4 Eclogae Geologicae Helvetiae ; 92(1), pp Decarlis, A. and Lualdi, A. (2008) : Late Triassic-Early Jurassic paleokarst from the Ligurian Alps and its geological significance (Siderolitico Auct., Ligurian Briançonnais domain). Swiss Journal of Geosciences ; 101 ; pp Haug, E. (1909) : Les géosynclinaux de la chaîne des Alpes pendant les temps secondaires. C.R. Acad. Sci. (Paris) 148, Lavier L and Manatschal G (2006) A mechanism to thin the continental lithosphere at magma-poor margins. Nature, 440, Lemoine, M. (1988) : Des nappes embryonnaires aux blocs basculés : évolution des idées et des modèles sur l histoire mésozoïque des Alpes occidentales. Bull. Soc. géol. France (8) 4/5, Lemoine M, Tricart P and Boillot G (1987) Ultramafic and gabbroic ocean floor of the Ligurian Tethys (Alps, Corsica, Apennines): in search of a genetic model. Geology 15(7): Lory, C. (1866): Essai sur la structure géologique de la partie des Alpes comprise entre le mont Blanc et le mont Viso. Bull. Soc. Géol. France (2) 23, Manatschal G, Engström A, Desmurs L, Schaltegger U, Cosca M, Müntener O and Bernoulli D (2006) What is the tectono-metamorphic evolution of continental break-up: The example of the Tasna Ocean-Continent Transition. Journal of Structural Geology 28(10): Mohn G., Manatschal G., Müntener O., Beltrando M., Masini E., 2010 Unravelling the interaction between tectonic and sedimentary processes during lithospheric thinning in the Alpine Tethys margins. International Journal of Earth Sciences 99, doi: /s Péron-Pinvidic G., Manatschal G., 2010 From microcontinents to extensional allochthons: Witnesses of how continents rift and break apart. Petroleum Geoscience 16 (3), doi: /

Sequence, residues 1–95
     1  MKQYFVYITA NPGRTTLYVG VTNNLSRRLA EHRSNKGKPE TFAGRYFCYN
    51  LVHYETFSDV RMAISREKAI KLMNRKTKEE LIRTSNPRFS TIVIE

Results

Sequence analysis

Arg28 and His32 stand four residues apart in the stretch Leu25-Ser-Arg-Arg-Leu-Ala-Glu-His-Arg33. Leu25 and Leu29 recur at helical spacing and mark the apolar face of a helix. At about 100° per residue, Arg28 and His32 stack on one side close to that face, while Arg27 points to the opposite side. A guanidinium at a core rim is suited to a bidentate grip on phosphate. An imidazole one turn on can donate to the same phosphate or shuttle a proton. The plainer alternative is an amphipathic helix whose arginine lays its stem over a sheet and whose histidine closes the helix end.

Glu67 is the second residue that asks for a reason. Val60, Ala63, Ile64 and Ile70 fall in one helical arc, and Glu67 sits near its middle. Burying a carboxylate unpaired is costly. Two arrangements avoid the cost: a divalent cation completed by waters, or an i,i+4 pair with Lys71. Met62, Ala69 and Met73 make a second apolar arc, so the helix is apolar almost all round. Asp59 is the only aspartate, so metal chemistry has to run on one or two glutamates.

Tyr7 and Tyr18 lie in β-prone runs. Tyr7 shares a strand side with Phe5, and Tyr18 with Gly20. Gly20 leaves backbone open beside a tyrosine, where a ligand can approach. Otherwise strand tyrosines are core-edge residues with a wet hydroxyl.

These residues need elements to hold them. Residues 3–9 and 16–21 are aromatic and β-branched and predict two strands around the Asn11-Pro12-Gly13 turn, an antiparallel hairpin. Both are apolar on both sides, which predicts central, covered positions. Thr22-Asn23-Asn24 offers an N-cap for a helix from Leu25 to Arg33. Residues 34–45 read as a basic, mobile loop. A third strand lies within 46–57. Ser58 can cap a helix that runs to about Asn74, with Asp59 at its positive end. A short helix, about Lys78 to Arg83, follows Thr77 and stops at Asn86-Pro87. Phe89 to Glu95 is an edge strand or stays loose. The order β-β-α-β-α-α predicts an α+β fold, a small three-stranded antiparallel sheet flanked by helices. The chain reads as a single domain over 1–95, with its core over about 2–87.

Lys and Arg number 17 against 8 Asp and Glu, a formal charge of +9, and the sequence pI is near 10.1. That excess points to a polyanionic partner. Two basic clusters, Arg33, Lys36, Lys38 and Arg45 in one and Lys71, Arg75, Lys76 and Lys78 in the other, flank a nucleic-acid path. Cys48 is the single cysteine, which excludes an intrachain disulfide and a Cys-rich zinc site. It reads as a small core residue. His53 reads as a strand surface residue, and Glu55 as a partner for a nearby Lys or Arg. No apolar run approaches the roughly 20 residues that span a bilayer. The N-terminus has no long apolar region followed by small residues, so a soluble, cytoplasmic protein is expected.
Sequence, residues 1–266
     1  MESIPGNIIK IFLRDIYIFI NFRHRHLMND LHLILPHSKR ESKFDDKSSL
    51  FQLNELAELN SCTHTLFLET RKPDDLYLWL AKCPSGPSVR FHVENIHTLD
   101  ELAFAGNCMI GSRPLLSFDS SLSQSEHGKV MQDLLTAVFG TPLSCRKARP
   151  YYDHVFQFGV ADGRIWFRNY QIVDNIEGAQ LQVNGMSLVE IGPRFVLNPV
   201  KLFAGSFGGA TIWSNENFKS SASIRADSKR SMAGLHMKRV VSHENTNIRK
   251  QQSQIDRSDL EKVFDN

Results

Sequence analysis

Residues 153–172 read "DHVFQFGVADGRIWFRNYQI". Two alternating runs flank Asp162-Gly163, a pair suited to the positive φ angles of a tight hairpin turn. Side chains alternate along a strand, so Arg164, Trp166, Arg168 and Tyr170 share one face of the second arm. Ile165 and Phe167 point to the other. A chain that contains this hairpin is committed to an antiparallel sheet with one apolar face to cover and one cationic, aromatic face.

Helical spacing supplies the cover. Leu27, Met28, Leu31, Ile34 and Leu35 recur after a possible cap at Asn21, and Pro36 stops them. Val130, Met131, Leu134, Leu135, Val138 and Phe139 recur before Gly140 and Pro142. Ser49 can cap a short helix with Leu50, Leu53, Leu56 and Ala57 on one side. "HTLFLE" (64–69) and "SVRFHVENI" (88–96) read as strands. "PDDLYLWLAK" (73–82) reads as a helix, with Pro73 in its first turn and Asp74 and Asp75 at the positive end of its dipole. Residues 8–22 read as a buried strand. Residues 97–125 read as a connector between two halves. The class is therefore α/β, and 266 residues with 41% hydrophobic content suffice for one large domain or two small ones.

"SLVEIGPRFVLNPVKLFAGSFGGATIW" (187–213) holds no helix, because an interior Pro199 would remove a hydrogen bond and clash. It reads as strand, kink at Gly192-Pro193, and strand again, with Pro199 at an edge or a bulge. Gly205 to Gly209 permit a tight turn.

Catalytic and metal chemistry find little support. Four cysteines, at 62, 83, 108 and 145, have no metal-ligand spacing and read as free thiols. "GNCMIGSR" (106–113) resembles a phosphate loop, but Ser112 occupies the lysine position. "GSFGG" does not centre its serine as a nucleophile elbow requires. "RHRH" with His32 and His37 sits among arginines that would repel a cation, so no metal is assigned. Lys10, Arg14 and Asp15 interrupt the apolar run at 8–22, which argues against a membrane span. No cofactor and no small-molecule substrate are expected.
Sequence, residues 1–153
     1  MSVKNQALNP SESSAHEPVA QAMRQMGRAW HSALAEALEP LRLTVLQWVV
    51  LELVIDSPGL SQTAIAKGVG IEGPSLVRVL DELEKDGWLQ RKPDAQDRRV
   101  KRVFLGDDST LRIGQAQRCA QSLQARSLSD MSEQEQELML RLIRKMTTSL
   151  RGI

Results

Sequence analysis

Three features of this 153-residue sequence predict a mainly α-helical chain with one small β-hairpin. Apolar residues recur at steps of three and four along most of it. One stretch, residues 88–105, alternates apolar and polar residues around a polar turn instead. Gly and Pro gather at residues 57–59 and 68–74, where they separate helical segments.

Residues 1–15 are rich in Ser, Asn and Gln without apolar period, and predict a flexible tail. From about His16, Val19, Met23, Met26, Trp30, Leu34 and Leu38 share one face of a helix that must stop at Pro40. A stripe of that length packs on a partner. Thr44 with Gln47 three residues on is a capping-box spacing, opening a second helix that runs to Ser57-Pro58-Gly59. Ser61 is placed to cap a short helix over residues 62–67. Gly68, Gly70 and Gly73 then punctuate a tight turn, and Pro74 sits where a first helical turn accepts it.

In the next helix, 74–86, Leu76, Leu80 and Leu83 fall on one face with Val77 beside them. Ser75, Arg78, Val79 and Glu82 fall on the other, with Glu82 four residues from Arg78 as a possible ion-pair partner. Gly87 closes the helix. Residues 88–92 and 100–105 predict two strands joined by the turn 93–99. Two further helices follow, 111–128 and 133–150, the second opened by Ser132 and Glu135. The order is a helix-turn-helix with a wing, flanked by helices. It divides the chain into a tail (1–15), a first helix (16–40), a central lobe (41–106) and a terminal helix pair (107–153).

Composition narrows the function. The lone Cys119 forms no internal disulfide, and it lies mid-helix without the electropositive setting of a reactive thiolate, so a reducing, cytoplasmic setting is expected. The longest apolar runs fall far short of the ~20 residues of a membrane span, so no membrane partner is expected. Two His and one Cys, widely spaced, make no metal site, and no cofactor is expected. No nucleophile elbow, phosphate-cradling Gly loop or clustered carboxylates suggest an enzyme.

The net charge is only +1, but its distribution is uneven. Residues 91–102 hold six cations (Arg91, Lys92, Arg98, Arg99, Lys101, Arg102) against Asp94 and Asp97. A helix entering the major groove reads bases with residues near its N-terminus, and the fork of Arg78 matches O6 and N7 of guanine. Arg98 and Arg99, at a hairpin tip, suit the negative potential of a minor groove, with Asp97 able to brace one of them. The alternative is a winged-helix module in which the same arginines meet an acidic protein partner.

5 FIGURES Figure 1: Schematic model of rifting evolution illustrating the formation of the different categories of crustal blocks. The genesis, evolution, final shape and position in the margin of each block are related to the distinct modes of deformation affecting the margin during rifting (from Péron-Pinvidic and Manatschal 2010). Figure 2: Tectonic map of the Central and Western Alps and a cross section showing the distribution of major Alpine tectonic units during Late Jurassic time. The cross section through the Alpine Tethys shows the position of the Briançonnais domain. Note that the section across the Adriatic rifted margin (section across the Austroalpine and South 5